Readers’ panel: Are employers who insist on unpaid breaks exploiting staff?
Moves to standardise rotas could increase nurses’ working hours as a result of unpaid breaks
Moves to standardise rotas could increase nurses’ working hours as a result of unpaid breaks. When many nurses struggle to take a break at all, is this fair on staff? Nursing Standard readers have their say
Following pressure from unions, Betsi Cadwaladr University Health Board in Wales recently shelved controversial plans to change staff rotas and increase the number of unpaid breaks for nursing staff. Similar plans put forward by Mid Cheshire Hospitals NHS Foundation Trust in August for nursing staff at Leighton Hospital are still being discussed with unions.
Daniel Athey is a charge nurse on an acute medical unit in Sheffield
In my experience, paid breaks are common practice; a 15-minute break mid-morning, at the manager’s discretion and provided the unit is safe. Taking this gesture away from staff – especially when many nurses do not take their breaks, or have them cut short – shows a lack of understanding of hospital work and the flexibility required in an unpredictable workplace. Reducing nurses’ paid working hours will further demoralise an already overstretched workforce.
Grant Byrne is a nursing student in Edinburgh
If nurses always took their breaks, I might view this differently. But evidence shows that nurses working through their breaks has become commonplace in the NHS. It baffles me why any employer would find it appropriate for staff to take unpaid breaks – it adds insult to injury for nurses who are already going without. If they want to retain staff, employers should focus on ensuring staff get their breaks before quibbling over whether to pay for them.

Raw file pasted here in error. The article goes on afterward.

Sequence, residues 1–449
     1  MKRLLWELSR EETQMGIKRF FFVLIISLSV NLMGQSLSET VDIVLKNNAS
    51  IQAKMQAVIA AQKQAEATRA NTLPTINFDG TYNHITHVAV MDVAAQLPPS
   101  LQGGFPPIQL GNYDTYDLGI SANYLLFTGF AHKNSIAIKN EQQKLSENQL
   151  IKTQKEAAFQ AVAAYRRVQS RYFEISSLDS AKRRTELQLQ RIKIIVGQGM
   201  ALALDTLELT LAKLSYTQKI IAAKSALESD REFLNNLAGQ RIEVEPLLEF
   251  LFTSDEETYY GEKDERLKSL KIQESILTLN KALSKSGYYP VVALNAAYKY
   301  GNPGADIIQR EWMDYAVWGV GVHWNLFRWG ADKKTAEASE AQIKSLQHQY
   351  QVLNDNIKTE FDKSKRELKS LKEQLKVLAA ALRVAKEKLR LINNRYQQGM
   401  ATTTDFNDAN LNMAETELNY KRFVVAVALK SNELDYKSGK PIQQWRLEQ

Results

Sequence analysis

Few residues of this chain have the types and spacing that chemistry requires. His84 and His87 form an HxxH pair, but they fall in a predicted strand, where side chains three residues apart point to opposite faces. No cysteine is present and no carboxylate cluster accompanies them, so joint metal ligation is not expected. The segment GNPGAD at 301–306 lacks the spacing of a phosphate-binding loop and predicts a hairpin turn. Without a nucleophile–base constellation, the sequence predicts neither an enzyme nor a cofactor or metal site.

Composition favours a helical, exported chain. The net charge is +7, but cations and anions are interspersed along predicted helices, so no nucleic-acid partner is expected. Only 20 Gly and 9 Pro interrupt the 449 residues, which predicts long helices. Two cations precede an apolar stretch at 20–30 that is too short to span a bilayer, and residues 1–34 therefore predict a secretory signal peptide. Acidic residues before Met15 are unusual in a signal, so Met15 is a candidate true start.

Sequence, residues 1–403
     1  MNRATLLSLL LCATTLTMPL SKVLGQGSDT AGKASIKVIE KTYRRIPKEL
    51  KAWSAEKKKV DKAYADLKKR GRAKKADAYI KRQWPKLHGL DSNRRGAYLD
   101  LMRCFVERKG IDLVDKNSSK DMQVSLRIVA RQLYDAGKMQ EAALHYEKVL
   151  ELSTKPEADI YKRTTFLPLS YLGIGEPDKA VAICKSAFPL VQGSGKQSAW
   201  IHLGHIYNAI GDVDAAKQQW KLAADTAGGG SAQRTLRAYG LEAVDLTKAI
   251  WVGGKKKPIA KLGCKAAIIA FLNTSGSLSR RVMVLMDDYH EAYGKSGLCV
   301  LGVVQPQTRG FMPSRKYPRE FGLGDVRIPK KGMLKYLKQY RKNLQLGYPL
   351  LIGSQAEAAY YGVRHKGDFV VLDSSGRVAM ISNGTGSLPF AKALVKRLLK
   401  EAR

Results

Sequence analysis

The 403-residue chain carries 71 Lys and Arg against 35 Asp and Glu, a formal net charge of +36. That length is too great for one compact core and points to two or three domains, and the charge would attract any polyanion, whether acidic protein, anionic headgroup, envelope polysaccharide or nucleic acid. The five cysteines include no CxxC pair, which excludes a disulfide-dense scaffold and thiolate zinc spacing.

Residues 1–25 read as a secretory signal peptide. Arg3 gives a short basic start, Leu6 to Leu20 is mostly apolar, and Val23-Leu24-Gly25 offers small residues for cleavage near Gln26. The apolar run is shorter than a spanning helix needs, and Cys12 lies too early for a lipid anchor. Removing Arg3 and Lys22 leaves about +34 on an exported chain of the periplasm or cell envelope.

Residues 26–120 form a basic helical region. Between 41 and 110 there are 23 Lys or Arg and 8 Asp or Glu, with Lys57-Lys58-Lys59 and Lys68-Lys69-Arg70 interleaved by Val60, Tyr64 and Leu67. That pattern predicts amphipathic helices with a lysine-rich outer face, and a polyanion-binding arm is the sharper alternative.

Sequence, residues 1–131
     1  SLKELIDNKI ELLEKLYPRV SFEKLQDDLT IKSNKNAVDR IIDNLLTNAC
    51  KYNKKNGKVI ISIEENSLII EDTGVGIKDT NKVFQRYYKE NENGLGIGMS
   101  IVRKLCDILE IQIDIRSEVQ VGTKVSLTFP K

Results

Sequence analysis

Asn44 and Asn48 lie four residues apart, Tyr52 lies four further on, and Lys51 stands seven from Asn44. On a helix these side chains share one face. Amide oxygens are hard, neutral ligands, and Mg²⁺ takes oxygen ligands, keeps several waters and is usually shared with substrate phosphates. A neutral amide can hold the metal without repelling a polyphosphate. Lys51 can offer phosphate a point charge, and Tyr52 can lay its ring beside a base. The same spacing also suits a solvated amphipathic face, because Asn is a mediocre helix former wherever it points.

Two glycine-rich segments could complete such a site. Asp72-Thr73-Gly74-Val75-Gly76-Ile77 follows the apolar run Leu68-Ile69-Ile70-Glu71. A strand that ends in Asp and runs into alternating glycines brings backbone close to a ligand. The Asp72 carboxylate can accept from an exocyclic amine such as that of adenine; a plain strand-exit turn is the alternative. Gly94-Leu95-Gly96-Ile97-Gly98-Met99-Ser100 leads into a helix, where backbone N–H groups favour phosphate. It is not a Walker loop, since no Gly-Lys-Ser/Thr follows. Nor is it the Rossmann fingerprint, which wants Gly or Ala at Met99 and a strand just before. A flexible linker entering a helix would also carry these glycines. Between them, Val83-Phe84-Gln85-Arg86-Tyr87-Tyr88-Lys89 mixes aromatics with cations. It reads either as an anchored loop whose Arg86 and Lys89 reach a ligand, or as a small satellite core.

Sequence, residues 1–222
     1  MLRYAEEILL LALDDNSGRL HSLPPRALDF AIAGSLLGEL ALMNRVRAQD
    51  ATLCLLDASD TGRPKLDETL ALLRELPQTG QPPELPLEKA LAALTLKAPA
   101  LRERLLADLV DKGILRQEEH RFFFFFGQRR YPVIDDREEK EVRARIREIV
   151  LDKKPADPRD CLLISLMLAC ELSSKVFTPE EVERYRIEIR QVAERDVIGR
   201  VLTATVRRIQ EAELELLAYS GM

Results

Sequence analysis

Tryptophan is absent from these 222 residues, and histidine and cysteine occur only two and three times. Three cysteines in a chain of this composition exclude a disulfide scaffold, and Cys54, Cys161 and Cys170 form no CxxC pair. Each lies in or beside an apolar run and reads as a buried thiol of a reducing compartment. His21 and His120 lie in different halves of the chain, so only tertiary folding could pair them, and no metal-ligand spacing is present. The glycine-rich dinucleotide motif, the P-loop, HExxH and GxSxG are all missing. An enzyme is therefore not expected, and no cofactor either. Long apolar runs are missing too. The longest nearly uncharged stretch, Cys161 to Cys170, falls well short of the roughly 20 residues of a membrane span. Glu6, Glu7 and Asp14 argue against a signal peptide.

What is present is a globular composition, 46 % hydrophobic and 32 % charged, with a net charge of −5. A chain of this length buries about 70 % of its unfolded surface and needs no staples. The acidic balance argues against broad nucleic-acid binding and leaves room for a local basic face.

Rachel Kent is a mental health nurse in London
Since I qualified, I have never had a paid break. I don’t know if unpaid breaks are the norm and trusts that implement them are aligning themselves with other organisations, or whether I have just been unfortunate. Nurses are under constant pressure to deliver patient care, and paid breaks could result in a greater expectation to work through them. If the break is unpaid, it could motivate staff to take the allocated time and step off the ward for those vital minutes to prioritise their own well-being.
Liz Charalambous is a staff nurse and PhD student in Nottingham
The issue of nurses taking their breaks – paid or unpaid – highlights serious problems in workplace culture, how we value staff and the policies that influence workplace practice. Employers are struggling to address the perfect storm of increasing demand and staff shortages, and nurses and other healthcare workers are tired and fed up. Goodwill can only stretch so far, and unless we see significant improvements in the pay and working conditions of staff, I fear for the future of the nursing profession.
Readers’ panel members give their views in a personal capacity only